No talking viral timelapse video of Shawn James off grid log cabin build by one man alone in the wilderness of Canada, from 1st tree I cut to last floor board I laid.
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To watch me build my next cabin – bigger and better than this one!..
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To see how I build things alone…
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If you want to build a rustic log cabin or tiny off grid home alone in the wilderness and you haven’t seen the rest of my videos, this is a good primer. It’s super fast motion though, so if you are interested in building a primitive log cabin like this, take a look at the “Log Cabin The Bear Den” playlist on the channel.
At the beginning of the video, I show a winter drone photo of the cabin in the snow in December. Then I flashback to the first balsam fir tree I cut down with a saw and axe near the cabin. I drag the trees into place and clear the cabin site. All summer, I cut the notches in the logs as I built the cabin up, offsite. Once I was finished notching the logs with a log scribe, saw, axe, adze and wood carving gouge, I loaded up the entire cabin of logs and moved them to my land near Algonquin Park, Ontario Canada.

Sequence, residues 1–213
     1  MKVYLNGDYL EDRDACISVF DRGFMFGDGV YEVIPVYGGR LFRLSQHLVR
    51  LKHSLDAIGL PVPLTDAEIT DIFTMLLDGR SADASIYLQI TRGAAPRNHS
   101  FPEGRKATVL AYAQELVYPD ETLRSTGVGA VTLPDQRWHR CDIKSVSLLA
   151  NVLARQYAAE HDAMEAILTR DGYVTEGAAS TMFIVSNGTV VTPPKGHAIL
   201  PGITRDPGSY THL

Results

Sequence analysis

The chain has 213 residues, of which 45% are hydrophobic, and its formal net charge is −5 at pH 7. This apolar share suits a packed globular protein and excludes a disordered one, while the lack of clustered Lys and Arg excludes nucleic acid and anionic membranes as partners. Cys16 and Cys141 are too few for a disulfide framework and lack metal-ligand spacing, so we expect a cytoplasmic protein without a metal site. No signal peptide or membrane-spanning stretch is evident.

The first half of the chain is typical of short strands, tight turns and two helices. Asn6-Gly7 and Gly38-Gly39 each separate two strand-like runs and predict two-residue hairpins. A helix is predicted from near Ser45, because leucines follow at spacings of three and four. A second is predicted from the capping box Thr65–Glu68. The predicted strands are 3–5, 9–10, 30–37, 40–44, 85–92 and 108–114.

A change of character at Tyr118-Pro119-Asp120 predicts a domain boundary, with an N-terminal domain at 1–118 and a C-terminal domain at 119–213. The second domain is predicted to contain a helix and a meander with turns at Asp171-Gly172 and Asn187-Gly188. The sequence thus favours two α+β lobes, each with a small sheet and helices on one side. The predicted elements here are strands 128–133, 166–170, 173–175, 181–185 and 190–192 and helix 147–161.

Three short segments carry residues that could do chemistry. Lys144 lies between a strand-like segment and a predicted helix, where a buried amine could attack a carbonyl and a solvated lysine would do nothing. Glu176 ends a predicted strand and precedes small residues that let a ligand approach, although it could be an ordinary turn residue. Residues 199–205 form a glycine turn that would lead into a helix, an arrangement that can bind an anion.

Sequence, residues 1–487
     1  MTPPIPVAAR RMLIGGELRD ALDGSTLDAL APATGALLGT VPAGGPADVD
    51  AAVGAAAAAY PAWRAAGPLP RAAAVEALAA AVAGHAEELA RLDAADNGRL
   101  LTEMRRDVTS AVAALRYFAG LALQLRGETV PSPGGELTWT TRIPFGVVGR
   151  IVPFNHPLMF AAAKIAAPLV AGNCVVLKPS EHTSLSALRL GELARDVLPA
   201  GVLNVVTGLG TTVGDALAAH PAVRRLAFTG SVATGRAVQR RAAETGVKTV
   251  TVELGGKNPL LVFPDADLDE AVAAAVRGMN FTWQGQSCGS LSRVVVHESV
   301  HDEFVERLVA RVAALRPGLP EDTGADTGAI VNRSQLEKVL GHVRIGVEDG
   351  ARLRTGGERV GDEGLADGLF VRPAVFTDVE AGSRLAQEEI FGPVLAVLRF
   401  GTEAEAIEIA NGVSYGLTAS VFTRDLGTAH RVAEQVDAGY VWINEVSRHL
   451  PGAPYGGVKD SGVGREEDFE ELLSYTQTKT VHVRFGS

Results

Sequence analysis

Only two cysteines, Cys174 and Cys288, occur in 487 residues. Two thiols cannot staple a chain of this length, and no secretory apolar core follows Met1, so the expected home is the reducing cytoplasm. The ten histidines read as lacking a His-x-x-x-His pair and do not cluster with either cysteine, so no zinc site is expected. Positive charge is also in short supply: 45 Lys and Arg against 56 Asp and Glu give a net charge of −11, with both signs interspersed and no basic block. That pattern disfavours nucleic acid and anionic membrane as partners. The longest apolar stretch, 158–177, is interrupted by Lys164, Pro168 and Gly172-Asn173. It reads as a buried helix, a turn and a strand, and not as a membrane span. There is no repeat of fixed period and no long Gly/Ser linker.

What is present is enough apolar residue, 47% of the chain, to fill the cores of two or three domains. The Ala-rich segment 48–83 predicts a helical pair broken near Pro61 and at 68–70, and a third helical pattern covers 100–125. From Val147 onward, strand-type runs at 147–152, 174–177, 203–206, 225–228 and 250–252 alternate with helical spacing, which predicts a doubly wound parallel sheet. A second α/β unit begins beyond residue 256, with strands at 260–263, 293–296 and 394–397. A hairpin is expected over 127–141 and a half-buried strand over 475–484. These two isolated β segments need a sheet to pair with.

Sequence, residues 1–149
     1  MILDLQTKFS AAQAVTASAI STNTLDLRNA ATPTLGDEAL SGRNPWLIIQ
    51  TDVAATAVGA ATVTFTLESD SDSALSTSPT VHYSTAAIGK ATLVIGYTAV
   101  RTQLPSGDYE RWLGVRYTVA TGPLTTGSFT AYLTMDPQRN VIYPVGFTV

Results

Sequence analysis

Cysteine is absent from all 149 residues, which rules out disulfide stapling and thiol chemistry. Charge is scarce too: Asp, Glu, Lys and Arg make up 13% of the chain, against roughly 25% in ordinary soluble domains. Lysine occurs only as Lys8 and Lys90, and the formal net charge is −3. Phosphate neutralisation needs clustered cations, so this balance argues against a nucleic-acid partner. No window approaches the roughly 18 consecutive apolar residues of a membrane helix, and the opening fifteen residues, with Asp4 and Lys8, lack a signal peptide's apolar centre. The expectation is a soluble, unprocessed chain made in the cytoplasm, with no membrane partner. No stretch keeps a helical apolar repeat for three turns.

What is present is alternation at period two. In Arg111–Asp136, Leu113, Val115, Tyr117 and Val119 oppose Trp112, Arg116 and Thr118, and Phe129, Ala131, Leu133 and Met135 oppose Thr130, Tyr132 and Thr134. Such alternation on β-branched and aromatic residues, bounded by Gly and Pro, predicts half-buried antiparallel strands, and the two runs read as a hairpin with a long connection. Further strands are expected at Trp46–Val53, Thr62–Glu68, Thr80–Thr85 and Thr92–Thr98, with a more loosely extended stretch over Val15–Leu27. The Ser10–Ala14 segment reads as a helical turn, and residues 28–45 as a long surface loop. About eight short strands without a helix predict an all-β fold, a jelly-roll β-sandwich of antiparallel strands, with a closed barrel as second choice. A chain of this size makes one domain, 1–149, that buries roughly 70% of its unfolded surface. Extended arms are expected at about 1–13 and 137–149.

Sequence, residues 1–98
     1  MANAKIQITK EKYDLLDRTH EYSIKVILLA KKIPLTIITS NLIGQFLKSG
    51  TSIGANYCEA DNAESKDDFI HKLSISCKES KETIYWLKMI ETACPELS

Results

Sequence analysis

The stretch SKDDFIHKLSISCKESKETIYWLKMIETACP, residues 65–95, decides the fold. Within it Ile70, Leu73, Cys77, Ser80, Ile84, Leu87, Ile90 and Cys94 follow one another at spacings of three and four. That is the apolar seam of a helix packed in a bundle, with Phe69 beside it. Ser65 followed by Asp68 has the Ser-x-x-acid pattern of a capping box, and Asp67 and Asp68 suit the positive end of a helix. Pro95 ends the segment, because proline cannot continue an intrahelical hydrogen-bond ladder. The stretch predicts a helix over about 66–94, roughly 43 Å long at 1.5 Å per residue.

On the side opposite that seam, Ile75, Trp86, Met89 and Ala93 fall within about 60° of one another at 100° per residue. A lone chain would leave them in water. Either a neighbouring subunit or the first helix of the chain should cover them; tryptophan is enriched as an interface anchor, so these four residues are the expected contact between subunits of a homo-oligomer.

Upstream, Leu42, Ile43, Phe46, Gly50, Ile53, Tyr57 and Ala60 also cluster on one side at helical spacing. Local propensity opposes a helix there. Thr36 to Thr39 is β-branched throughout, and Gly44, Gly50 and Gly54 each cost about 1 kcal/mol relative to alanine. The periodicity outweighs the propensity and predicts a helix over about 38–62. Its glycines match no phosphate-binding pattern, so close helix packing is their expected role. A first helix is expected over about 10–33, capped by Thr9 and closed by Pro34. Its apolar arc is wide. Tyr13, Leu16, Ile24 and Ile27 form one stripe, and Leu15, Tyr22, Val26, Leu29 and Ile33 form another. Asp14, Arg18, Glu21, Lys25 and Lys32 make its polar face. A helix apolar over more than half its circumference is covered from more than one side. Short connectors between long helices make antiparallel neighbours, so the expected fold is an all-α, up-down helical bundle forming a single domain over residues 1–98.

Once on site, I spent a month reassembling the cabin on a foundation of sand and gravel. Once the log walls were up, I again used hand tools to shape every log, board and timber to erect the gable ends, the wood roof, the porch, the outhouse and a seemingly endless number of woodworking projects.
For the roof, I used an ancient primitive technology to waterproof and preserve the wood – shou sugi ban, a fire hardening wood preservation technique unique to Japan and other areas in northern climates.
Because the cabin is offgrid, I have used handtools for most of the build and without power, I have no options on site regardless. The tiny house will continue to be operated with power, not even renewable energy for now, so I’m heating the cabin with a woodstove fire place, which I also cook on.
The cabin is made of cedar fence posts, twelve feet long and the cabin measures 10 feet x 20 feet inside with a one hundred square foot sleeping loft on the second floor.
The floor is made of two inch thick pine planks, torched to help repel water and to give them a rustic barn board appearance.
Tune off sound if you don’t want to hear the music, – there is no talking in this silent video. If you are a subscriber or long time viewer, there is some new footage at the end of the video, but otherwise you have seen most of this. As always, I’ll release a new video on Friday showing the progress I made this week on the door and the ice box for food storage.
CABIN LIFE MERCHANDISE HERE:
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